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Washington Marijuana Legalization Draws Yale MBAs With Big Ideas


SEATTLE, Wash. - Washington’s move to legalize marijuana is attracting a whole cast of entrepreneurial characters. Among them, a pair of Yale business school graduates — one of whom says he’s never smoked pot. So why are they getting into the marijuana business? These MBAs see a once in a lifetime money-making opportunity and a chance to bring respectability to an industry they believe has an image problem.

Brendan Kennedy remembers the moment he decided to get into the pot business. It was May of 2010. He was driving in the Bay Area. On the local public radio station was a debate over Prop 19, a measure to legalize recreational marijuana. Kennedy was a successful investment analyst and had just met that week with a potential client — a tech firm focused on medical marijuana.

Something clicked. He picked up the phone and dialed his Yale business school buddy Michael Blue — a private equity guy in Little Rock, Arkansas.

“I called him and told him I need you to quit your job and come join me in the cannabis industry,” Kennedy says. “And he was a little bit caught off guard by that call.”

Michael Blue remembers that call well.

“My initial reaction was I was shocked by it.”

Blue says he and Kennedy had talked about a lot of business ideas. But marijuana? Blue had never even smoked weed — and says he still hasn’t to this day.

“I’d grown up in an incredibly conservative household in the South,” Blue explains. “And it just wasn’t something I’d ever given any thought to at all.”

But after some long family conversations, they both quit their jobs. Blue joined Kennedy in Seattle where they founded Privateer Holdings. Today, along with a third partner, they run a successful website for medical marijuana users called Leafly. It’s often described as the Yelp of medical marijuana with user reviews of different strains and info on local dispensaries.

But now that recreational pot use is legal in Washington and Colorado, Privateer Holdings is looking to expand. Kennedy carries with him a PowerPoint presentation that compares cannabis to corn as a cash crop.

“If you go to Lincoln, Nebraska and you look at corn, there’s corn banks and corn insurance and agricultural supply houses and corn associations and high fructose corn syrup and there’s hundreds of sub-industries around corn and all of those opportunities will exist in the cannabis industry.”

It’s exactly those kinds of ancillary services that Kennedy wants to target in the cannabis market.

“Companies that are in advertising and security and staffing and software and professional services and equipment.”

Not to mention consulting, franchising, horticultural supplies.

For the past year, Kennedy and his partners have crisscrossed the country and the globe making the pitch to would-be investors. To date, they have lined up nearly $7 million for an initial stock offering. That’s chump change in the world of private equity. Even so, Kennedy thinks it’s enough to start to build some mainstream brands that don’t conjure images of stoners or hippies or hip-hop artists.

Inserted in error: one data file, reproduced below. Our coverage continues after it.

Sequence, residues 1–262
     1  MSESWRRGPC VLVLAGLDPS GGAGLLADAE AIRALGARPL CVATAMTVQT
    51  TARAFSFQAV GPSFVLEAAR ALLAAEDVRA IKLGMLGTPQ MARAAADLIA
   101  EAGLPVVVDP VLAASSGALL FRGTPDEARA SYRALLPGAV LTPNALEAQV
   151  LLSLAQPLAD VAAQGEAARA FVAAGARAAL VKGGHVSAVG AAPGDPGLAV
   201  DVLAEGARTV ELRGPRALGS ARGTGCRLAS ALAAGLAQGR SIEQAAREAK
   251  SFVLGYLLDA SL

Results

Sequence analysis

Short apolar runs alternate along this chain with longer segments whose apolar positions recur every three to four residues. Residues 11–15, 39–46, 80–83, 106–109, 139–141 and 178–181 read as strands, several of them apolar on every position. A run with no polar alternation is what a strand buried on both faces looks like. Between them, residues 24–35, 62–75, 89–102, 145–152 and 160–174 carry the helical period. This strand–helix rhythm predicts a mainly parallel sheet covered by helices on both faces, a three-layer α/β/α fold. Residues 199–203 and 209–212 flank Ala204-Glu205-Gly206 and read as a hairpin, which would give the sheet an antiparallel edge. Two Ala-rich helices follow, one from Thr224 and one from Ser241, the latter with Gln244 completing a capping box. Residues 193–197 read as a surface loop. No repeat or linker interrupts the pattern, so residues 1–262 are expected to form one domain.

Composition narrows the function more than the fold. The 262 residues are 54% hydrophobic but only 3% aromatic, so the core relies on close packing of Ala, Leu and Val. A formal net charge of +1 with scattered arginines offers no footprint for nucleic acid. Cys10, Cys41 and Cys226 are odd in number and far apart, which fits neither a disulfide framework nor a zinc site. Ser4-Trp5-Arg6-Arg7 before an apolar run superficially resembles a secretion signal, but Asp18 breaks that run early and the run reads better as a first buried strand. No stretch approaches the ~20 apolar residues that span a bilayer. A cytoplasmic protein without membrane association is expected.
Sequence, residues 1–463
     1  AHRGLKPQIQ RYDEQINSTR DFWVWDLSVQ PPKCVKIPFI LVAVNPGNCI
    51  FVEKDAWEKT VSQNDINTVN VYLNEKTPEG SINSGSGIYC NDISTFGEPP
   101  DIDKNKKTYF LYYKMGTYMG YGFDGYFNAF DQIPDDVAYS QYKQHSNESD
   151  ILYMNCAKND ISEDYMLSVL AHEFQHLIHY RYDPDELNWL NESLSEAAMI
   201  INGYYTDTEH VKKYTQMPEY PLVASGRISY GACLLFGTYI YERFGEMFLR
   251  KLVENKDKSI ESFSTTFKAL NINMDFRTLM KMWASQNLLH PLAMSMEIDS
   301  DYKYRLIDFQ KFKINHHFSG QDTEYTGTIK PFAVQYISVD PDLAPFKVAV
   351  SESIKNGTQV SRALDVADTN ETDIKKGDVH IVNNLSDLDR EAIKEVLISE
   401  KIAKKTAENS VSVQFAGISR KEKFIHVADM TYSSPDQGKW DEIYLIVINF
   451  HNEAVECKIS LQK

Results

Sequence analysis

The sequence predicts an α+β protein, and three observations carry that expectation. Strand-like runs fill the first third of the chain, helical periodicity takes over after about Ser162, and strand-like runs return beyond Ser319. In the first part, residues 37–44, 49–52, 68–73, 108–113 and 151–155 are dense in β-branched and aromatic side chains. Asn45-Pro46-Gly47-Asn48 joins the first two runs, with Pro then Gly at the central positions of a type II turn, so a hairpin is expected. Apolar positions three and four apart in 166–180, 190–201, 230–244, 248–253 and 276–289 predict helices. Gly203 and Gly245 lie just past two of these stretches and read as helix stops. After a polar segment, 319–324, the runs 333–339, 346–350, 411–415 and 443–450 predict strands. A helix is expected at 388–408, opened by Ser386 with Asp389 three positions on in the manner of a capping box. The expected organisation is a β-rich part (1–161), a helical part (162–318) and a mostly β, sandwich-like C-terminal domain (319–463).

“Every brand doesn’t need to focus on the Grateful Dead or Snoop Dog or Willie Nelson,” Kennedy says. “It just doesn’t need to be that way.”

He gives the example of medical marijuana. The typical marketing ploy is to use a scantily-clad nurse to beckon patients. By contrast Kennedy’s website Leafly borrows from the Periodic Table of Elements.

Kennedy and his partners are viewed as a major player by people like Alison Holcomb. She led the campaign to legalize recreational pot in Washington. She’s also Drug Policy Director for the ACLU of Washington.

“I think what they’re thinking of is something that is national in scale really completely revolutionizing what the marijuana market in the United States looks like,” Holcomb says.

Case-in-point. Kennedy recently submitted a memo to the Washington Liquor Control Board — the agency writing the rules to implement the state’s new pot law. In his memo, Kennedy urges state regulators not to limit the size of marijuana grow operations in Washington. He makes the case that large marijuana farms are easier to secure and can generate economies of scale that drive down the legal price of pot.

Holcomb wrote her own letter to the Liquor Control Board warning of “Big Marijuana” interests entering the market.

“Large industries that have large overhead and are interested in maximizing their profits are going to target their advertising in ways to promote marijuana use, not simply meet current demand where it currently exists.”

Holcomb is especially concerned about advertising aimed at young people. Kennedy says that’s not his focus. He’s targeting what he calls the connoisseur recreational user and chronically ill patients who use marijuana as medicine.

It’s not only about attracting a new brand of customer, but a more professional workforce.

“Part of how you win is by attracting smart MBA students from Carnegie Mellon or Wharton or Harvard into this space and we’re starting to see it,” Kennedy says.

“So you are corrupting the youth,” I say.

“Ya,” he responds. “No comment there.”

Kennedy says over the past three months, Privateer Holdings has received more than 100 resumes from what he calls blue chip MBA students who want a job or a summer internship.

On the Web:

Privateer Holdings - official site

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